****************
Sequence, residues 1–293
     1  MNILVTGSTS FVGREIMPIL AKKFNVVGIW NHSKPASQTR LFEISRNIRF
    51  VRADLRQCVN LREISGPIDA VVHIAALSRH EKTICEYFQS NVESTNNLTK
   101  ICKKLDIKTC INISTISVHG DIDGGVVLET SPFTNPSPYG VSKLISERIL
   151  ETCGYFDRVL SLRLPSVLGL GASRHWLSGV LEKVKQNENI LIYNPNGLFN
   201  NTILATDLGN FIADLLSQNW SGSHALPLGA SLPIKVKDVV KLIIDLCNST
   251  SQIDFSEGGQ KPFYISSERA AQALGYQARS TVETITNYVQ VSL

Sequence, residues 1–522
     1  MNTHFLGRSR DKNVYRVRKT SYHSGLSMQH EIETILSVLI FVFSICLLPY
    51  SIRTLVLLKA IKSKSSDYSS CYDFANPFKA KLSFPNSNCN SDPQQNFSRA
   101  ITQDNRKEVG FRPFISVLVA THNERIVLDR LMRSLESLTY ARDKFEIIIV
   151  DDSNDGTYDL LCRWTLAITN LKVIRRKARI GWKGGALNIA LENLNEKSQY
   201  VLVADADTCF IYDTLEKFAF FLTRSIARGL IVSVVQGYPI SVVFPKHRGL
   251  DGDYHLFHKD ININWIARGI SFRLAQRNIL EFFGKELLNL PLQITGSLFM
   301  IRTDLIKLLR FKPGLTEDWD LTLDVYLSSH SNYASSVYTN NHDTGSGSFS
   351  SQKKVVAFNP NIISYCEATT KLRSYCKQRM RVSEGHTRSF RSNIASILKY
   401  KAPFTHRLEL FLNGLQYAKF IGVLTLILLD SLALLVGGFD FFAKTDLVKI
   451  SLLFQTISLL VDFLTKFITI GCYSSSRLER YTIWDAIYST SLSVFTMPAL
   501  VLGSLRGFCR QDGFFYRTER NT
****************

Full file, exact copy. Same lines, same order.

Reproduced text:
Sequence, residues 1–293
     1  MNILVTGSTS FVGREIMPIL AKKFNVVGIW NHSKPASQTR LFEISRNIRF
    51  VRADLRQCVN LREISGPIDA VVHIAALSRH EKTICEYFQS NVESTNNLTK
   101  ICKKLDIKTC INISTISVHG DIDGGVVLET SPFTNPSPYG VSKLISERIL
   151  ETCGYFDRVL SLRLPSVLGL GASRHWLSGV LEKVKQNENI LIYNPNGLFN
   201  NTILATDLGN FIADLLSQNW SGSHALPLGA SLPIKVKDVV KLIIDLCNST
   251  SQIDFSEGGQ KPFYISSERA AQALGYQARS TVETITNYVQ VSL

Sequence, residues 1–522
     1  MNTHFLGRSR DKNVYRVRKT SYHSGLSMQH EIETILSVLI FVFSICLLPY
    51  SIRTLVLLKA IKSKSSDYSS CYDFANPFKA KLSFPNSNCN SDPQQNFSRA
   101  ITQDNRKEVG FRPFISVLVA THNERIVLDR LMRSLESLTY ARDKFEIIIV
   151  DDSNDGTYDL LCRWTLAITN LKVIRRKARI GWKGGALNIA LENLNEKSQY
   201  VLVADADTCF IYDTLEKFAF FLTRSIARGL IVSVVQGYPI SVVFPKHRGL
   251  DGDYHLFHKD ININWIARGI SFRLAQRNIL EFFGKELLNL PLQITGSLFM
   301  IRTDLIKLLR FKPGLTEDWD LTLDVYLSSH SNYASSVYTN NHDTGSGSFS
   351  SQKKVVAFNP NIISYCEATT KLRSYCKQRM RVSEGHTRSF RSNIASILKY
   401  KAPFTHRLEL FLNGLQYAKF IGVLTLILLD SLALLVGGFD FFAKTDLVKI
   451  SLLFQTISLL VDFLTKFITI GCYSSSRLER YTIWDAIYST SLSVFTMPAL
   501  VLGSLRGFCR QDGFFYRTER NT